How to Frenchify Your Favorite American Comfort Foods

Comfort food is different for everyone and in America, where (and when) you grew up can have a huge impact on your tastebuds and food preferences. And since the United States is a melting pot of different cultures and backgrounds, it can be hard to define what “American” food really is.  Let's see how we can twist it up a bit!

How to Frenchify Your Favorite American Comfort Foods

In this article

But there are some perennially popular dishes you’d be able to find at any roadside diner across the country: foods like hot dogs, mac and cheese, and the beloved bacon, egg, and cheese work to satisfy salty cravings, but there are also sweet treats like pancakes or apple pie.  
Whether you’re craving a perfectly crispy grilled cheese or a savory BLT, we’ve come up with ways to incorporate French flavors into your favorite foods. 

Mac and Cheese 

Macaroni and cheese is popular throughout the United States and everybody has a different opinion on how it should taste–some prefer a saucy combination of noodles and cheese, while others prefer a version with a crispy top. Whichever consistency you prefer, you can incorporate French flavors into the dish by adding creamy chevre or tangy Roquefort to your cheese sauce. For an upscale version of this ultimate comfort food, try using black Perigord truffles to give the dish an irresistible umami flavor.

Grilled Cheese 

In diners across America, grilled cheese is sure to be on the menu (or at least on the kid’s menu). At its simplest, it’s just a fried cheese sandwich, but with a few additions and extra steps, it can become a glorious and indulgent French-inspired treat. First, you’ll want to use sliced French sourdough or pain de mie. Coat the bread with a thin layer of whole-grain Dijon mustard before adding slices of gruyere, Comté, or even Brie cheese. To take it up another level, add a few slices of France’s most popular dry-cured ham, Bayonne ham, and a few slices of fig for a sweet touch. Once the sandwich is assembled, coat the outer layer of each side with butter and sprinkle with thyme before frying it on the stove.  

Bacon, Egg, and Cheese 

New York City’s favorite breakfast sandwich layers eggs, cheese, and bacon on a sandwich roll for a salty and satisfying breakfast (that most delis and bodegas serve round-the-clock). To give your home-cooked breakfast sandwich a French twist, substitute the bacon for Bayonne ham, a cured ham that usually comes thinly sliced. For added bacon-like crispiness, fry the ham in a pan before adding it to the sandwich.

Hot Dogs 

Add an Alsatian twist to the classic American hot dog by using a Knack d’Alsace, a French version of the German frankfurter. Made with pork and beef, the sausages have a crispy outer layer and a slightly smoky flavor. Enjoy your hot dog on a baguette or brioche bun with French fixings like choucroute (sauerkraut) and riesling mustard.  


Some might argue that pizza is Italian, but it’s just as popular–if not more so–in the United States as it is in Italy. While making pizza dough at home can be time-consuming and a bit tricky for novice chefs, it’s easy to Frenchify this classic comfort food by using flaky puff pastry–usually found in any grocery store freezer aisle–to create a French tarte flambée instead. For toppings, try a combination of Brie, tomatoes, and herbs and garnish with fresh arugula once it’s cooked.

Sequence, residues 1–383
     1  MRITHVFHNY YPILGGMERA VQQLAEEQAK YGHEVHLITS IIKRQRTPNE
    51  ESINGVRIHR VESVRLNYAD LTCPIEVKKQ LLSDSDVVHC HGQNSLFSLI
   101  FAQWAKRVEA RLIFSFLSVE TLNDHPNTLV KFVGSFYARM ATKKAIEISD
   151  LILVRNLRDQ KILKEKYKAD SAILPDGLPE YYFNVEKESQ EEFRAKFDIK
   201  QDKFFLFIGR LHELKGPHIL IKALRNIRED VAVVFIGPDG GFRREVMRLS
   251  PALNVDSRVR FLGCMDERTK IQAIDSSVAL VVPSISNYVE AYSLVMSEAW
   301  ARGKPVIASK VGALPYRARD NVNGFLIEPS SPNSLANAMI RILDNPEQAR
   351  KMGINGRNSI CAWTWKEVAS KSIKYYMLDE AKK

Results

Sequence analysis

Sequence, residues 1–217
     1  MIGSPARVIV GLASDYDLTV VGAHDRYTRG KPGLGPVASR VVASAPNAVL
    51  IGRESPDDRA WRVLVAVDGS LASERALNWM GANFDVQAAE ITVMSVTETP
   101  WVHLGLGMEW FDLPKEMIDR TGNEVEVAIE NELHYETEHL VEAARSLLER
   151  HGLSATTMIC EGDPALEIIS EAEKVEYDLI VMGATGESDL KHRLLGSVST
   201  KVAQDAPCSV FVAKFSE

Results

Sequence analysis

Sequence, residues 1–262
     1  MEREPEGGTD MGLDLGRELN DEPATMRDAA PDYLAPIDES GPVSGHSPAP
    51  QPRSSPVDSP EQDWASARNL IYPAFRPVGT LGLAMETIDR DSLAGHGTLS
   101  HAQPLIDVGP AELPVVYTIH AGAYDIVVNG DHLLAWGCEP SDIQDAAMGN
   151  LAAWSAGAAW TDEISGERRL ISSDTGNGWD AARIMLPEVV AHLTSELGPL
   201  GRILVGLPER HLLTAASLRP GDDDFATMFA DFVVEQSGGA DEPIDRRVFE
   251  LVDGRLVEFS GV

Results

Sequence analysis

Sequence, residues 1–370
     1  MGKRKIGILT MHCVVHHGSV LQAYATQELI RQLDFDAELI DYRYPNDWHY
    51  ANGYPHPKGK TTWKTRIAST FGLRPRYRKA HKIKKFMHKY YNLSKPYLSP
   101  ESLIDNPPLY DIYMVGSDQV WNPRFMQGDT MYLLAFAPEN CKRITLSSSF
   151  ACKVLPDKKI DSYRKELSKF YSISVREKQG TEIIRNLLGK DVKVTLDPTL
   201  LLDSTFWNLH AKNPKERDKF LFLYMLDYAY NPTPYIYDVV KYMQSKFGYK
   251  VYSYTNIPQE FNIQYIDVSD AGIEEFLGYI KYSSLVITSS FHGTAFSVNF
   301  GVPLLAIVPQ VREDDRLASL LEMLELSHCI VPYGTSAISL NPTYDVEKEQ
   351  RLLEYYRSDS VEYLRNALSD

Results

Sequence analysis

Everyone knows what BLT stands for: bacon, lettuce, and tomato, served on a sandwich with a thin layer of mayonnaise. Making a French version of the BLT is simple (and you don’t even have to change the name): just swap out the bacon for Bayonne ham. And for an added French touch, you can make your own mayonnaise

Tuna Melt 

While a tuna melt might not be everyone’s idea of comfort food (especially if you’re under the age of 50) it’s a classic American staple that can be found in any diner across the country. It’s easy to elevate this open-face sandwich with French ingredients. Start with a can of French tuna and instead of (or in addition to) celery and onion, mix your tuna salad with homemade mayonnaise, dijon mustard, chopped cornichons, and even a few capers. Top it with a slice of Mimolette cheese and bake.  


Not all comfort foods are salty. And while pancakes might not be an American invention, they’ve been welcomed with open arms as a staple of American brunch (or late-night munchies). While most Americans eat pancakes with butter and maple syrup, you can easily Frenchify this sweet treat with honey and fruit compote or confitures instead. And as a bonus, you can use homemade whipped cream, too. 

Apple Pie 

“As American as apple pie,” the saying goes. It’s true that apple pie is one of the most popular American desserts, but there’s a French version of apple pie that might be even more delicious: Tarte Tatin. Combining caramelized apples with a flaky pastry crust, this decadent dessert is best served with a dollop of crème fraîche.  

The French touch you need in your inbox

Please complete this field
Your registration is confirmed